There’s a lovely old 1895 Italianate mansion for sale in historic Old Louisville that you can probably pick up for a song. With 11 bedrooms, 8½ baths, and over 7,000 square feet of living space, it was pretty much a bargain when listed for $275,000; and now it has been reduced to $119,900. And—but for the fact that the cops recently found a corpse buried in the basement—should sell quickly.
As we told you yesterday, the Louisville Police were called to the mansion located at 1435 South 4th Street, last June 17, on a report of a “domestic disturbance” involving two gay lovers, Joseph R. Banis and Jeffrey S. Mundt. An investigation led to the discovery of the decomposing body of James Carroll, of Lexington, in a large blue plastic tub about three feet under the dirt floor in the basement. Police say Carroll died from gunshot and stab wounds, and that Banis, Mundt, and Carroll were romantically involved. Banis and Mundt, both 38, were arrested and charged with the murder.
During the LMPD interrogations, both men described how they dug a pit in the basement to hide Carroll’s body; but each claimed the other was responsible for the murder. The two defendants were also arrested in Chicago, in April of last year, where police said they found $55,000 worth of counterfeit money, date rape drugs, handguns, and fake IDs in their hotel room. Charges there are pending.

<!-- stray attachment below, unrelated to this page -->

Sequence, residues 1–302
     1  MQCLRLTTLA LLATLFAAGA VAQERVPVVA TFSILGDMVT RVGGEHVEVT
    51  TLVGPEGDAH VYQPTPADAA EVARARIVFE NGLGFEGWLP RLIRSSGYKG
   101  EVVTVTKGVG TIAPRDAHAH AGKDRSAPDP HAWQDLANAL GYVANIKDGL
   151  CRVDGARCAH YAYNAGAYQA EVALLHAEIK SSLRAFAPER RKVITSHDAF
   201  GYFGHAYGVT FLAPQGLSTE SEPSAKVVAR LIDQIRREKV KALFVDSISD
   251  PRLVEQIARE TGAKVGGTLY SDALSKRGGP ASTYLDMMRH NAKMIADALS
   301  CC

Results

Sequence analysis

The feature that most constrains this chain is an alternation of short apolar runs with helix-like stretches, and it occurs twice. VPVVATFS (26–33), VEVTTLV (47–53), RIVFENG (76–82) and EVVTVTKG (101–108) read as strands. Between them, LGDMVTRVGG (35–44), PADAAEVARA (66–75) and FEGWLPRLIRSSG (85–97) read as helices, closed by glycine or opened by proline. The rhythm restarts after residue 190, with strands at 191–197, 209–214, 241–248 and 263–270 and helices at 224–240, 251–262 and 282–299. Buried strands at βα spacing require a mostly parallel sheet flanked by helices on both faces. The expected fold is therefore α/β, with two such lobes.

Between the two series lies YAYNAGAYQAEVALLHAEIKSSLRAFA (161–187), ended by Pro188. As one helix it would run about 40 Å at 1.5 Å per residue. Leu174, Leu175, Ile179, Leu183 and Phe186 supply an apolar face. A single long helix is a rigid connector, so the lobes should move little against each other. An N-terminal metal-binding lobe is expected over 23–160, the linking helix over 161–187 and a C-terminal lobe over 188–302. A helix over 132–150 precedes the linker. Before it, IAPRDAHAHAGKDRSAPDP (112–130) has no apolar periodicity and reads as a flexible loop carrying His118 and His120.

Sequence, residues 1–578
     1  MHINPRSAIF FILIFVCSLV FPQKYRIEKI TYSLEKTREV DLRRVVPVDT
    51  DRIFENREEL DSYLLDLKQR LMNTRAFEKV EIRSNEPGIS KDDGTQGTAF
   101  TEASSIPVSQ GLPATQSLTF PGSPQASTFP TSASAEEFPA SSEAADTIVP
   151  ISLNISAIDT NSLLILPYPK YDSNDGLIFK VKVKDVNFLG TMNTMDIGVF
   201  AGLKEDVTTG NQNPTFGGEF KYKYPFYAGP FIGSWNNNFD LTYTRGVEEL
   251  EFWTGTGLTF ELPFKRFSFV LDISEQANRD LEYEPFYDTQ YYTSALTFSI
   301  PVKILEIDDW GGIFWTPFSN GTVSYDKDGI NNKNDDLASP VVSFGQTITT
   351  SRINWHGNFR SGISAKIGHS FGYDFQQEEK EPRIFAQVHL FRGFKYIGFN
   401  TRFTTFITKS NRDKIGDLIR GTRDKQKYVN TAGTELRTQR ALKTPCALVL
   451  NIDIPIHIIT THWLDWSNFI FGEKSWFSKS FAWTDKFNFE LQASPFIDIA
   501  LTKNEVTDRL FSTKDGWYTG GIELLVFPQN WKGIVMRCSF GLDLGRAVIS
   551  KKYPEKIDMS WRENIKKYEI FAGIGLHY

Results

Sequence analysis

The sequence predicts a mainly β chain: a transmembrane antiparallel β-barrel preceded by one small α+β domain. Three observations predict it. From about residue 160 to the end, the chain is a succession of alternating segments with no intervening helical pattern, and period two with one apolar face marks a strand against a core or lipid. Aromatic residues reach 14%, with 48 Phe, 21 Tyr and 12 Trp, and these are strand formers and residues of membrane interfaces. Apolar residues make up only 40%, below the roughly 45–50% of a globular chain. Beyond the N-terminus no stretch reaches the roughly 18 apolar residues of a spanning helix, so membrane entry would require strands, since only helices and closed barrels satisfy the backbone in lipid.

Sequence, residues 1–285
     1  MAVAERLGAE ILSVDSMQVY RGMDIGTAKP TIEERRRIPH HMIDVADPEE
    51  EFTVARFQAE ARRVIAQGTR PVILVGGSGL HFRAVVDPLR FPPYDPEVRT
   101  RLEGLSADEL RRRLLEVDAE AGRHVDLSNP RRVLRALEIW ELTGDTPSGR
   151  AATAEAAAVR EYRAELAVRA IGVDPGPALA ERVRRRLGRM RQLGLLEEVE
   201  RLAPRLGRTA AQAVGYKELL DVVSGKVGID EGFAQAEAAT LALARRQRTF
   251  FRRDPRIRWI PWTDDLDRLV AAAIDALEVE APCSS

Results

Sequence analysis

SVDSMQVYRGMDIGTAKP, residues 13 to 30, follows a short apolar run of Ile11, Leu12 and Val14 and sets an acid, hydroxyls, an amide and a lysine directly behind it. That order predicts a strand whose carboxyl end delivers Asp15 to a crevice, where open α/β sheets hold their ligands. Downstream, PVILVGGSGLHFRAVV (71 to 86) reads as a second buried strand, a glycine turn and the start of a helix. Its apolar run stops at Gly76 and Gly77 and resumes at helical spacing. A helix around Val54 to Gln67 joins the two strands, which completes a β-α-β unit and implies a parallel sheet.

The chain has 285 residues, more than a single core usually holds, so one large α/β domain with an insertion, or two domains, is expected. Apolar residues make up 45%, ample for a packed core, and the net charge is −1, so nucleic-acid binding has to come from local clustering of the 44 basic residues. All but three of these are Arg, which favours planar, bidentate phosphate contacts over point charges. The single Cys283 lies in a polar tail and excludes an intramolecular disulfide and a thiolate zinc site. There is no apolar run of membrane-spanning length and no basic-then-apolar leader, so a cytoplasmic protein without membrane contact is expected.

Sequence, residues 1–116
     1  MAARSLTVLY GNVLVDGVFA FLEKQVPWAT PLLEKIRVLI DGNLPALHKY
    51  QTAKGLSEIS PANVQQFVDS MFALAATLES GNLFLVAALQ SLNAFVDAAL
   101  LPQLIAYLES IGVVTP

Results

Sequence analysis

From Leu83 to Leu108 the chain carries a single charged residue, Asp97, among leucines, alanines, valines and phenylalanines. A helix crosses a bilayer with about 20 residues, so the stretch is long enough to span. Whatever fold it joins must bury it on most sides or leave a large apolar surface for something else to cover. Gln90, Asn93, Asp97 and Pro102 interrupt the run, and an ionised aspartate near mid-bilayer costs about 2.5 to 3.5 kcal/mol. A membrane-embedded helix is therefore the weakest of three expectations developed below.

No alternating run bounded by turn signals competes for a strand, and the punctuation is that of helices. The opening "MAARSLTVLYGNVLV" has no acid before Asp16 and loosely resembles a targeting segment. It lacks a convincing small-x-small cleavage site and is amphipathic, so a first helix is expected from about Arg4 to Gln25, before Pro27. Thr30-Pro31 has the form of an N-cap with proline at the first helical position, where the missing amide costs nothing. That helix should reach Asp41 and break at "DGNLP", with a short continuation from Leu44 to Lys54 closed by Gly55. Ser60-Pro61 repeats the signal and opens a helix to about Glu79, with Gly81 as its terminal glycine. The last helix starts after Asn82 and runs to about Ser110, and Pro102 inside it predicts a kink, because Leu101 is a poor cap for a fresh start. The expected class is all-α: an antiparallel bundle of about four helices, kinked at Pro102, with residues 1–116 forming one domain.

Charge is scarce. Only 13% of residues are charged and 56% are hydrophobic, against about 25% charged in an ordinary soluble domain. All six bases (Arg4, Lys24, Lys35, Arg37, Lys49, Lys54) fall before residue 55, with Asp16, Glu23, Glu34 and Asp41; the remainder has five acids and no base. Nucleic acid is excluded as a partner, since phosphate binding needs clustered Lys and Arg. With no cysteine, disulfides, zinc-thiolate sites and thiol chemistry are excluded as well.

Banis, who is facing the death penalty, will go on trial May 11. Mundt, who faces life in prison, will be tried on September 7. But one of Banis’ lawyers has complained that the defense has been frustrated by missing evidence. At a pretrial hearing this morning, Darren Wolff, Joseph Banis' attorney, told WDRB-41 that, "We're frustrated with the process. We don't as we speak have all the evidence in the case."
Defense lawyers claim that federal investigators—including the CIA—have confiscated the defendants’ laptops and hard drives from the Chicago incident; before the discovery of the murder in Louisville, and that these devices may contain information exculpatory to the defendants.
Meanwhile, the murder mansion is on the market, and would make a lovely residence for some genteel family seeking to settle in the historic Old Louisville neighborhood. Some of the rooms look like they could use a little restoration work. And the basement appears to be unfinished.
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